Ecommerce Platforms – WooCommerce Review
WooCommerce is an open-source e-commerce plugin for WordPress. It enables you to build a powerful and professional online store with WordPress. This plugin works with most all WP themes.
It’s set to fully accommodate not only the small scale business owners but can also stretch to large scale companies. This e-commerce platform is used by a lot of high traffic websites and has over 39 million downloads.
Because of its simplicity and ease, it quickly rose to fame among many users who found it quite easy to customize and make use of.
Multiple plugins available to have affiliates selling for you with tracking.
It’s important to note here that you pay for hosting and therefore have more control (and less convenience) than other platforms, but the costs generally work out to be the same.
If you want a platform that takes a little more work than Shopify, but gives you total control, works with the best blogging software available, and has better integrations for you to sell affiliate products, then this is the software for you.
The plugin is free
You have total control of your site, its functions, and its data
It works with WordPress
It’s the most customizable e-commerce platform
Since it’s so popular, most vendors have apps and integrations ready to go
You can get access to significant analytics from your choice of plugins
It is scalable and adding products is easy
Equally easy to add affiliate products and vendors
You can run a blog and have a store
This is not a marketplace so you have to market your store
There’s a learning curve
Since it is open-source software, there is no direct customer support
Support is found in their WooCommerce community forum or in the many online articles and tutorials
Not a turn-key solution like Shopify
Ease of Use
WooCommerce and WordPress have thousands of pre-built themes, easily added plugins, and optional drag-and-drop builders to make non-developers feel like pros. But it isn’t as easy as a platform like Shopify.
If you pay for a theme like Divi you get excellent support for the theme. And if you select the right web host, you get WooCommerce and general e-commerce support to make your life even easier.
Dreamhost is my preferred web host and they offer leading WooCommerce and e-commerce support and more. You can take a look at Dreamhost here.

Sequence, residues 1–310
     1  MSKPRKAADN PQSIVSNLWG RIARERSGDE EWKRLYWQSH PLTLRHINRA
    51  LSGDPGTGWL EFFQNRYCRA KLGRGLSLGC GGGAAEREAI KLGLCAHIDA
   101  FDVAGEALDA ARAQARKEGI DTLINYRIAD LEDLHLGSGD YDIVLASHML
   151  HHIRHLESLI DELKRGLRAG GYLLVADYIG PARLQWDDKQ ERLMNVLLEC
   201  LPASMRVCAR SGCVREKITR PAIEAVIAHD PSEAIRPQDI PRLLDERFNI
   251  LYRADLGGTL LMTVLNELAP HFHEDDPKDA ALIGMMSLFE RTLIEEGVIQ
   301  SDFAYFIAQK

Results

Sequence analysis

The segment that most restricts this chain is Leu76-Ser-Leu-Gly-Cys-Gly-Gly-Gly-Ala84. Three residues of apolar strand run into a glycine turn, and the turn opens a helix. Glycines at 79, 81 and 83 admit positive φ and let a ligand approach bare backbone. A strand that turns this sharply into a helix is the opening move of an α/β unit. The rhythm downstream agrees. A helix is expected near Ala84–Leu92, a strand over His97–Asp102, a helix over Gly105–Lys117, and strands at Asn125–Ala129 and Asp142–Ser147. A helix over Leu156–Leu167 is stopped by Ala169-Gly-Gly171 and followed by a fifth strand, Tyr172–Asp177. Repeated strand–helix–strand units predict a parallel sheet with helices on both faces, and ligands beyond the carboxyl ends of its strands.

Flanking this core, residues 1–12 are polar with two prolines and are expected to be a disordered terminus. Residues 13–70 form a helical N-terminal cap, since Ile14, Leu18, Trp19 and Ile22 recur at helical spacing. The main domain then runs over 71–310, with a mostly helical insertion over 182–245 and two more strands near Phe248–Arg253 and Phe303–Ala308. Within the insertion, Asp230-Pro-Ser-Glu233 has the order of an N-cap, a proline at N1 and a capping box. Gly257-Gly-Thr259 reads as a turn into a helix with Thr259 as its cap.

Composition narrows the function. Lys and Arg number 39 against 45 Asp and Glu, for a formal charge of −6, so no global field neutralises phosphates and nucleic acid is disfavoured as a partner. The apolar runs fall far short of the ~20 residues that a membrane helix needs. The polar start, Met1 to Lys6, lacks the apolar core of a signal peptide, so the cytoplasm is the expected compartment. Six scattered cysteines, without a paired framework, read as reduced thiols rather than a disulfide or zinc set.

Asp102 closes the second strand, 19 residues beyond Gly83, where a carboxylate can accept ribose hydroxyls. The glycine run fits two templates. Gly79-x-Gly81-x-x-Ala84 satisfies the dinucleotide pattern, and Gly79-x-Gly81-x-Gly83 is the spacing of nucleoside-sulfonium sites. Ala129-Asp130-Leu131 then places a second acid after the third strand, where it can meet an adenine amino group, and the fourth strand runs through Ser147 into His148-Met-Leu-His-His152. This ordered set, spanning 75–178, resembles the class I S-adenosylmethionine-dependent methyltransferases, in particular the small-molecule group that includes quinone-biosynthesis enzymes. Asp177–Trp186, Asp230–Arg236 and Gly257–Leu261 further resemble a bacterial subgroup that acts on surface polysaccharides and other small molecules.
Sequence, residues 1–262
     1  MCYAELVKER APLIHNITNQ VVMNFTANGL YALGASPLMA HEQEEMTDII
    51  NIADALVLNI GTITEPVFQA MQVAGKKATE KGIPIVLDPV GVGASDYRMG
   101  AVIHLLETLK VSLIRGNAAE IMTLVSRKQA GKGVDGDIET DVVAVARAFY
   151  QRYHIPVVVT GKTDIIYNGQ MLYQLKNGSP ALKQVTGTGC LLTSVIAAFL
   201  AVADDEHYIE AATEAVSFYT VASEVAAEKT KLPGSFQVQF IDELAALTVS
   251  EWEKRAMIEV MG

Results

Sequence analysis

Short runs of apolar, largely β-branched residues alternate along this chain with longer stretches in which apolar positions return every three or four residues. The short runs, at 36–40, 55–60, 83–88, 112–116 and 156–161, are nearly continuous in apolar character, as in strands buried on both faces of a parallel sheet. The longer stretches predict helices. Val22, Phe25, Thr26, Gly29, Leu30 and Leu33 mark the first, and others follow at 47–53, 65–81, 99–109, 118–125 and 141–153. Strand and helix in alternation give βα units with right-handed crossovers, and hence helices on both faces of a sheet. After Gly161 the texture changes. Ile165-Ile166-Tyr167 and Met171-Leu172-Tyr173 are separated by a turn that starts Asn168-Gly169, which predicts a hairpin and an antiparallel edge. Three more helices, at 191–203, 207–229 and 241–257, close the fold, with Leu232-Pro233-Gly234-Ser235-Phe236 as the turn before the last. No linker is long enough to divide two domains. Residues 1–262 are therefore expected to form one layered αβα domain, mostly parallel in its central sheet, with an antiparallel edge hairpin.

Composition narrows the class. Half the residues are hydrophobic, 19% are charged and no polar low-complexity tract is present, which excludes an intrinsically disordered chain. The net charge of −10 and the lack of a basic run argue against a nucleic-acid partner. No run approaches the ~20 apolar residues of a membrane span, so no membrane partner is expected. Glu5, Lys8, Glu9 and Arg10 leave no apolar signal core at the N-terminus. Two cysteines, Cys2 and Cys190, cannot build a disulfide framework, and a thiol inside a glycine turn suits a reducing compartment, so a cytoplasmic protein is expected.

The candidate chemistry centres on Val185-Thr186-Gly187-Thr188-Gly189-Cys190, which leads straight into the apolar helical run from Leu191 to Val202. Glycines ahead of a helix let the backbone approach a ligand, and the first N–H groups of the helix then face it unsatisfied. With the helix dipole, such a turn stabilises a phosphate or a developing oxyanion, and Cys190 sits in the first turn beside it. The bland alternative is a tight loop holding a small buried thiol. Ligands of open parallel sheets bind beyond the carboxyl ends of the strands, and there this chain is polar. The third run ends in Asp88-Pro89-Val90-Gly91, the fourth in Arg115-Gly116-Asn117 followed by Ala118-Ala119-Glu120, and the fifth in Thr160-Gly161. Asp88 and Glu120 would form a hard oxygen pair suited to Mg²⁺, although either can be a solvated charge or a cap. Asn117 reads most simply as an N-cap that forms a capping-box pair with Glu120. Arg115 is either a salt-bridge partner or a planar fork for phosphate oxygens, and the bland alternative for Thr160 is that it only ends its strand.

The cart and e-comm designs are excellent and there are many great WordPress themes to pair this platform with. Since WP is fully customizable you can get exactly what you want.
You need to choose a “responsive” theme, which means it adapts for mobile and pad viewing. Most themes are responsive nowadays.
However, you should always test your site on a phone to make sure all is well. Adjustments are a part of the process here.
Maintenance is fairly straightforward. You need to run regular updates for your theme and your plugins. Updating products is easy and any reputable supplier will have a WooCommerce app to link to your store — part of the store automation process.
You handle hosting, hopefully with a great support team at your web host.
Most WooCommerce users engage in conversations on almost a day to day basis in their community forum. However, it does not have direct client support. Most issues are tackled with user experience and some sort of research.
This platform has all of the marketing functionality of WordPress – you need to add plugins and configure email and analytics, but all the tools are there.
WooCommerce is highly scalable with loads of room to grow and customize to your needs.
The plugin and the software are free but there could be additional costs as you customize adding plugins or paid themes.
When you add in basic e-commerce hosting starting around $8 per month, a basic email marketing platform for $20 per month, and any other add-ons (I use Divi, a paid theme, for $89 per year), the cost is similar to Shopify.
Essentially, Shopify and WooCommerce costs roughly the same, though if you wanted to you could run a WooCommerce store for a little less.